# It's possible to wind up with a message with no trailing newline
    # (by explicitly giving an --encoding for a single part message
    # which lacks the trailing newline).  Add the newline in that case.
    push @output, "\n" unless $output[-1] =~ /\n\Z/;

    my ($fh, $cmd);
    if ($output) {
	$fh = *STDOUT;
	$cmd = 'stdout';
    }
    else {
	my $pid = open SENDMAIL, '|-';
	defined $pid or xdie "can't fork:";
	if (!$pid) {
    	    $ENV{PATH} = '/usr/local/bin:/bin:/usr/bin'
    	    	if !defined $ENV{PATH};
	    $ENV{PATH} .= ':/usr/sbin:/usr/lib';
	    exec qw(sendmail -oi), @recip
		or xdie "can't run sendmail:";
	}
	$fh = *SENDMAIL;
	$cmd = 'sendmail';
    }
    {
	local $SIG{PIPE} = 'IGNORE';
	for (@output) {
	    print $fh $_ or xdie "error writing to $cmd:";
	}
    }
    close_die $fh, $cmd;
}

sub main {
    init;
    process @ARGV;
    return 0;
}

$Exit = main || $Exit;
$Exit = 1 if $Exit && !($Exit % 256);
exit $Exit;

__END__

=head1 NAME

mime-construct - construct and optionally mail MIME messages

=head1 SYNOPSIS

B<mime-construct> I<switch>...

Sorry, it's hard to provide a meaningful synopsis.  See the examples.

=head1 DESCRIPTION

B<mime-construct> constructs and (by default) mails MIME messages.  It
is entirely driven from the command line, it is designed to be used by
other programs, or people who act like programs.

=head1 OPTIONS

=head2 Global Settings

=over 4

=item B<--debug>

Turn debugging on.

=item B<--help>

Show the usage message and die.

=item B<--output>

Don't mail the generated message, print it to stdout instead.  This
loses B<--bcc> info.

=item B<--subpart>

Generate a subpart which can be used in another MIME message, rather
than a top-level MIME message itself.  This turns on B<--output> and
changes some internal semantics a bit.  See the examples.

=item B<--version>

Print the version and exit successfully, if this is the only arg.
Otherwise, print the version and die.

=back

=head2 Main Header

These arguments add text to the top-level header of the message, or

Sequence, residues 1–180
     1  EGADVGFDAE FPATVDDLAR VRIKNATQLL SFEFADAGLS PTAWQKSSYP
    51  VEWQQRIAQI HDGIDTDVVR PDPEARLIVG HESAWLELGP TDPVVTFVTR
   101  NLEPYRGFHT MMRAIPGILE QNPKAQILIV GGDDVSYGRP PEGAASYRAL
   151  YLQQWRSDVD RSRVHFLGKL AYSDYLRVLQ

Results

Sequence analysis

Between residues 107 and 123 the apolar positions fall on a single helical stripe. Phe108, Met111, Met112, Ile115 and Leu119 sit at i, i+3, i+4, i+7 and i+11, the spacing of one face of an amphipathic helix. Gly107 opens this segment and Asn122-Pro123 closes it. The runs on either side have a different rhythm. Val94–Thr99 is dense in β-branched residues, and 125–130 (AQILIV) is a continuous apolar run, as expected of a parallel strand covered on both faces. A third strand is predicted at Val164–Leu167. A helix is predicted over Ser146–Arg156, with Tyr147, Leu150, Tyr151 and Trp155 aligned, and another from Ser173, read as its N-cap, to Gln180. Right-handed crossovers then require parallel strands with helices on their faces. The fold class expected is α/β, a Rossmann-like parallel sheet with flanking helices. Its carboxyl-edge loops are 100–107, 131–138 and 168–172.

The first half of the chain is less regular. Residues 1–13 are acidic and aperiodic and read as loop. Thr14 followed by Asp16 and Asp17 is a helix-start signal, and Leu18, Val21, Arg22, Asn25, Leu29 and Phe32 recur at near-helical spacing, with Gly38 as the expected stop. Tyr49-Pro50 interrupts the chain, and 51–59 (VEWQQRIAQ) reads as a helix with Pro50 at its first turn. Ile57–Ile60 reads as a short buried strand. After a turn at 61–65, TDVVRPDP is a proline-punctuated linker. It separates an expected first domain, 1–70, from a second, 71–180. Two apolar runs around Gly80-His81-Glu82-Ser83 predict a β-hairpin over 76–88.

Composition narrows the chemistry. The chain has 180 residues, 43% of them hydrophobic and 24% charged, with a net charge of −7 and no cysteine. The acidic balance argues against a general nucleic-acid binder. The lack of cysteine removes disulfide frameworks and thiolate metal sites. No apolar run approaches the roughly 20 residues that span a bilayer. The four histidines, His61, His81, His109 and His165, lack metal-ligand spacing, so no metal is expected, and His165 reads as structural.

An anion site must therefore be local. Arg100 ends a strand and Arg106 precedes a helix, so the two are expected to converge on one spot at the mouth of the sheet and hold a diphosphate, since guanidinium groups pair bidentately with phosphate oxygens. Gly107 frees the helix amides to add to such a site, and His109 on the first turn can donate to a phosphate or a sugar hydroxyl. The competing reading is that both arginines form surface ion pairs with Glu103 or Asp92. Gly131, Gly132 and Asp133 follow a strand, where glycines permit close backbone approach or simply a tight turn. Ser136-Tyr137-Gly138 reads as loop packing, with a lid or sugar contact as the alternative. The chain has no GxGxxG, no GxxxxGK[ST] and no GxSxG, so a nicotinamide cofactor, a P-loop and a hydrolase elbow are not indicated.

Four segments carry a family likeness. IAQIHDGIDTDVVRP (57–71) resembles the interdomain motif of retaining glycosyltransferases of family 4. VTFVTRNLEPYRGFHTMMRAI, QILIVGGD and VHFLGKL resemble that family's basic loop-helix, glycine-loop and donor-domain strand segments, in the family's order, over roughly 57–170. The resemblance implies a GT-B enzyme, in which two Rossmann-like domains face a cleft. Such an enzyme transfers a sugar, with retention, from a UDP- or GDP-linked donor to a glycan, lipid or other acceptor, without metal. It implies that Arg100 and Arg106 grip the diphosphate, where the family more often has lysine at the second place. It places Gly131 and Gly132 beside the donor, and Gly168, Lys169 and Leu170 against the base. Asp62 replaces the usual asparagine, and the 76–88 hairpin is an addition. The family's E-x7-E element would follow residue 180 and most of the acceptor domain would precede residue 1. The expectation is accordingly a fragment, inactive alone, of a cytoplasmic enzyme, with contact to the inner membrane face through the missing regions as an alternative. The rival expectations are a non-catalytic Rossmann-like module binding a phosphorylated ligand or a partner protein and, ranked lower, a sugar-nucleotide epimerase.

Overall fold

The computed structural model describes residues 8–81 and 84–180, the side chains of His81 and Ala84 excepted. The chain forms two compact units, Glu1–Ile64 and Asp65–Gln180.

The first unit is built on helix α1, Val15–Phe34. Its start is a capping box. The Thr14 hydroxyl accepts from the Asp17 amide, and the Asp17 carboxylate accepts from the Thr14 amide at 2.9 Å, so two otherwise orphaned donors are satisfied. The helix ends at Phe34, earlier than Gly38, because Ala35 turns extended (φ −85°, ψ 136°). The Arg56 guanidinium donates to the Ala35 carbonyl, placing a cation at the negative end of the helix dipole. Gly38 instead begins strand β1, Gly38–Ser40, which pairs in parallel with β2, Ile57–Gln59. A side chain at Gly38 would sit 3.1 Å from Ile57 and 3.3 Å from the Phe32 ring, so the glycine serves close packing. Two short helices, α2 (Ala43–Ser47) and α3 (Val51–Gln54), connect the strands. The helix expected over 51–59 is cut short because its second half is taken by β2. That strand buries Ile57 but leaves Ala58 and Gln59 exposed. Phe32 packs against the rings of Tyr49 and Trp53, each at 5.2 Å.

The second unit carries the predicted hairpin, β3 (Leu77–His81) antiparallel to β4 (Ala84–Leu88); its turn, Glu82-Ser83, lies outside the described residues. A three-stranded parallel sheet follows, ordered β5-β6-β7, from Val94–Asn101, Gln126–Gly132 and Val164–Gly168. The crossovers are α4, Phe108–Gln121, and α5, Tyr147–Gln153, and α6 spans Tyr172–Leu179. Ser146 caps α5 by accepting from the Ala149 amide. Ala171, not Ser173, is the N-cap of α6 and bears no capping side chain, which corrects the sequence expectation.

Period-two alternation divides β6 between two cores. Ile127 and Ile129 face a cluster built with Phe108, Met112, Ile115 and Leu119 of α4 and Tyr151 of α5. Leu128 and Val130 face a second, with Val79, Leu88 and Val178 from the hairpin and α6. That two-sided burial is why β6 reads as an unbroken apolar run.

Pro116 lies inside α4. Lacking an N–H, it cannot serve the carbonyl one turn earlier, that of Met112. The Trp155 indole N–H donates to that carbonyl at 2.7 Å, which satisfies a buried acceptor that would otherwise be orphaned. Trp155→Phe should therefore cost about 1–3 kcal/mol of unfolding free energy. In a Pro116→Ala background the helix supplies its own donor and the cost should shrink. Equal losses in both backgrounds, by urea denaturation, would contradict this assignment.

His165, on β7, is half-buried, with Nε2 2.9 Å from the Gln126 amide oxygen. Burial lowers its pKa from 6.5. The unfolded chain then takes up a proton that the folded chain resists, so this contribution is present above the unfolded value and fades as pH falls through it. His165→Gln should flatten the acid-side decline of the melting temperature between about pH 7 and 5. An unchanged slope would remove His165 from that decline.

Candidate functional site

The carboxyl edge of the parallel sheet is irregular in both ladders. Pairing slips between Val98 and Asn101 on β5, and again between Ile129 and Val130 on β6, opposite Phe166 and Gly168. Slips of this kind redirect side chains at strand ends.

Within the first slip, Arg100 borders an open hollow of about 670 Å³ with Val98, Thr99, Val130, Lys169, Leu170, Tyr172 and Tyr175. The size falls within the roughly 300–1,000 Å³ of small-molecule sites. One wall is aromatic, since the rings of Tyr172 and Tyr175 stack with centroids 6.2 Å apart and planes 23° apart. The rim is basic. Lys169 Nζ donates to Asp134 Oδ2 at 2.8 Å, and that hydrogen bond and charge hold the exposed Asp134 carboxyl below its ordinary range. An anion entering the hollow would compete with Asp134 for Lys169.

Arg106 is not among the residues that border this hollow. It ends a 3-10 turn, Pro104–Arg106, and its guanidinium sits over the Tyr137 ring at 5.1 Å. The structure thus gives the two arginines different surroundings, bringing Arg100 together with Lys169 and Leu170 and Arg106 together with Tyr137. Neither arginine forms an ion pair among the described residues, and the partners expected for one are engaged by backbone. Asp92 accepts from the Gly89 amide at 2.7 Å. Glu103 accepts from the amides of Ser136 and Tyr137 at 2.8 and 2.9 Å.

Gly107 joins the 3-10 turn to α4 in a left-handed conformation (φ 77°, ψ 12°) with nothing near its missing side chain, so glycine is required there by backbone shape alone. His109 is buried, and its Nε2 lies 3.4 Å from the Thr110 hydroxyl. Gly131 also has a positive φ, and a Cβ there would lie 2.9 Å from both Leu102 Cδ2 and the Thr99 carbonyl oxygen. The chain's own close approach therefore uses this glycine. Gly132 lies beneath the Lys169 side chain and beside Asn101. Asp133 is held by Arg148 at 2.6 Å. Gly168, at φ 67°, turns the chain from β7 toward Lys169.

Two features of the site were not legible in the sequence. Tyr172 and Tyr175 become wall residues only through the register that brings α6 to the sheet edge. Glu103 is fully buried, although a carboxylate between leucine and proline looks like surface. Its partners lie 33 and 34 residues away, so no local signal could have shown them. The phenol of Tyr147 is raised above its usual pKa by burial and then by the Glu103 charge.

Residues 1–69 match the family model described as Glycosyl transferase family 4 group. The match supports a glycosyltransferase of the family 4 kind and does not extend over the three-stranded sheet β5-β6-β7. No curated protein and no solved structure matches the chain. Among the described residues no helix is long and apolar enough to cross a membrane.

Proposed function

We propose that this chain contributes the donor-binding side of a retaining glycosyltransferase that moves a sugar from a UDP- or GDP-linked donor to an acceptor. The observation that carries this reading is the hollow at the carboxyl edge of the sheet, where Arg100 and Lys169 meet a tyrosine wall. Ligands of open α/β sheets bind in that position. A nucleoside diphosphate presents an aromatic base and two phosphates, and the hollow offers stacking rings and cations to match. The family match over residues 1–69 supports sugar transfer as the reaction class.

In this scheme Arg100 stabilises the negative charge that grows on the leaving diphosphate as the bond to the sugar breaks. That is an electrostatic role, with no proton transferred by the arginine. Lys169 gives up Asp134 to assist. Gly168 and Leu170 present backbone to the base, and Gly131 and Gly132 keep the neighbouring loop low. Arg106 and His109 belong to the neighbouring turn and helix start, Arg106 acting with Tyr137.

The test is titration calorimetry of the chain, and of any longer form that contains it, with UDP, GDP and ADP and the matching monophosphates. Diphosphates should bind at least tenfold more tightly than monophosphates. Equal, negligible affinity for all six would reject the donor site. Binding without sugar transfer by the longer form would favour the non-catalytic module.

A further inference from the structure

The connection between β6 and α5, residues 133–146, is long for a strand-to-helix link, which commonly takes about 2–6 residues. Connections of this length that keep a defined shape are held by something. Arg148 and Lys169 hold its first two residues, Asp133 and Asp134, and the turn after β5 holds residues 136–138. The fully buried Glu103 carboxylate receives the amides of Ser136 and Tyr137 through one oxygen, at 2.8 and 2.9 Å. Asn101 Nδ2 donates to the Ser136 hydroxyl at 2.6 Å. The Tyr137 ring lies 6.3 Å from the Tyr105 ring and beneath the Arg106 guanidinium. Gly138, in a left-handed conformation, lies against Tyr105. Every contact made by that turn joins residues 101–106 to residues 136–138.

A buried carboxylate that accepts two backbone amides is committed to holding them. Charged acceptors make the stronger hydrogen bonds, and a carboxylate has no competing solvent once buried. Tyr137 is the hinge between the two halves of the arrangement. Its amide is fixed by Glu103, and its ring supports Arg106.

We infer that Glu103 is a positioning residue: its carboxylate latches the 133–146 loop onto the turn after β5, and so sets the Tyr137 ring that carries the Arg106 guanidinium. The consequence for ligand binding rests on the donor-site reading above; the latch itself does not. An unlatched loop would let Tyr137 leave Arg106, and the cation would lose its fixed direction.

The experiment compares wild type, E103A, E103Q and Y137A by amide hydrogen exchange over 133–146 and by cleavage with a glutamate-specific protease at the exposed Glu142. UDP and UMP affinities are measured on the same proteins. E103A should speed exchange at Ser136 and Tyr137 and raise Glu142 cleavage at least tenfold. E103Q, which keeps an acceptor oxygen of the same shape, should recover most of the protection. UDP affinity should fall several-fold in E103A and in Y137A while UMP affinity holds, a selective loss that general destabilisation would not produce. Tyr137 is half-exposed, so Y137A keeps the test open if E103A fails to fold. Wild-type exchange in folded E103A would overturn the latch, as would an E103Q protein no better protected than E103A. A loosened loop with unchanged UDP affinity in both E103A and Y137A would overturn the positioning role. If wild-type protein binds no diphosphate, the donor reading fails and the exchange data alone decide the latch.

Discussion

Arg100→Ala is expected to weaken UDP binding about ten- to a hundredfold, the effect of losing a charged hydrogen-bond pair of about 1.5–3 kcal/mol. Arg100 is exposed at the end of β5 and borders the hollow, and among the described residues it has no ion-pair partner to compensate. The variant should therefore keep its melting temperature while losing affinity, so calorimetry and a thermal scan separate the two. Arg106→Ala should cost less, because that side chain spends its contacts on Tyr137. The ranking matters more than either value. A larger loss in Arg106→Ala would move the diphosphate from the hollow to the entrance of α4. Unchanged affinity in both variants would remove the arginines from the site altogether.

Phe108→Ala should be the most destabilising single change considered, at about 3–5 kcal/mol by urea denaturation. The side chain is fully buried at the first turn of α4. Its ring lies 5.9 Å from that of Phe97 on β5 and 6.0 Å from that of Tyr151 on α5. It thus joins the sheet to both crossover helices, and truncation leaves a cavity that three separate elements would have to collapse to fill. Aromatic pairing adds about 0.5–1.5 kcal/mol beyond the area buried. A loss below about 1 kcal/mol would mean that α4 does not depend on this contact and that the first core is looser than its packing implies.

control who it gets sent to.

=over 4

=item B<--bcc> I<address>

Add I<address> to the recipient list.  This doesn't actually add anything
to the header, of course.  If you're not actually mailing the message (if
you use B<--output> or B<--subpart>) B<--bcc> will have no effect.

=item B<--cc> I<address>

Add an address to the B<Cc:> list.

=item B<--embedded-to>

Send the message to the recipients already listed in the header, in
addition to those given with B<--to>, B<--cc>, and B<--bcc>.  This
makes sense if you use the B<--header> switch to add your own B<To:> or
B<Cc:>.  In this case you probably don't want to use B<--to> or B<--cc>
because they would create new headers rather than adding to the ones
already in the message.

This switch passes the B<-t> switch to sendmail (B<mime-construct>
doesn't try to parse the headers you provide), so it doesn't really do
anything if you're not mailing the message.

=item B<--header> I<str>

Add arbitrary text to the header.  The I<str> can be anything you like,
including multiple lines.  You can create invalid messages this way.
If you include a blank line in the I<str> you'll really screw up the
message.

=item B<--multipart> I<str>

This specifies the multipart content type and options.  The default is
C<multipart/mixed>.  Don't include a C<boundary> setting, that's supplied
by B<mime-construct>.

It's okay if you specify the B<--multipart> type but the message turns
out to be a single part, the type you supply will just be ignored.

=item B<--prelude> I<str>

This adds I<str> to the multipart prelude text.  If you specify
B<--prelude> multiple times the I<str>s will all be concatenated.

There isn't any default for this text.  It seems to me that nowadays
adding an explanation of MIME to the beginning of a message is like
explaining how to use a seat buckle to people who are riding in an
airplane.

It's okay if you specify the B<--prelude> but the message turns out to
be a single part, the prelude you supply will just be ignored.

=item B<--subject> I<str>

Specify the subject for the message.

=item B<--to> I<address>

Add an address to the B<To:> list.

=back

=head2 Per-part Header

These switches control the per-part headers.  If the message turns out
not to be multipart they actually add data to the top level header.

Each of these applies only to the next part output.  After each part is
output they are reset to their default values.  It doesn't make sense to
use them without a following part, so B<mime-construct> will sputter and
die if you try to do that.

=over 4

=item B<--attachment> I<name>

This adds a C<Content-Disposition: attachment> header with the given
I<name> as the value of the C<filename> attribute.  It's just a
convenience, since B<mime-construct> is often used to send files as
attachments.

Using B<--attachment> I<name> does not cause B<mime-construct> to read
any data from the file called I<name>!  It just uses that name in the
header.  The actual data which will go into this part of the message
comes from one of the regular part output switches (given below).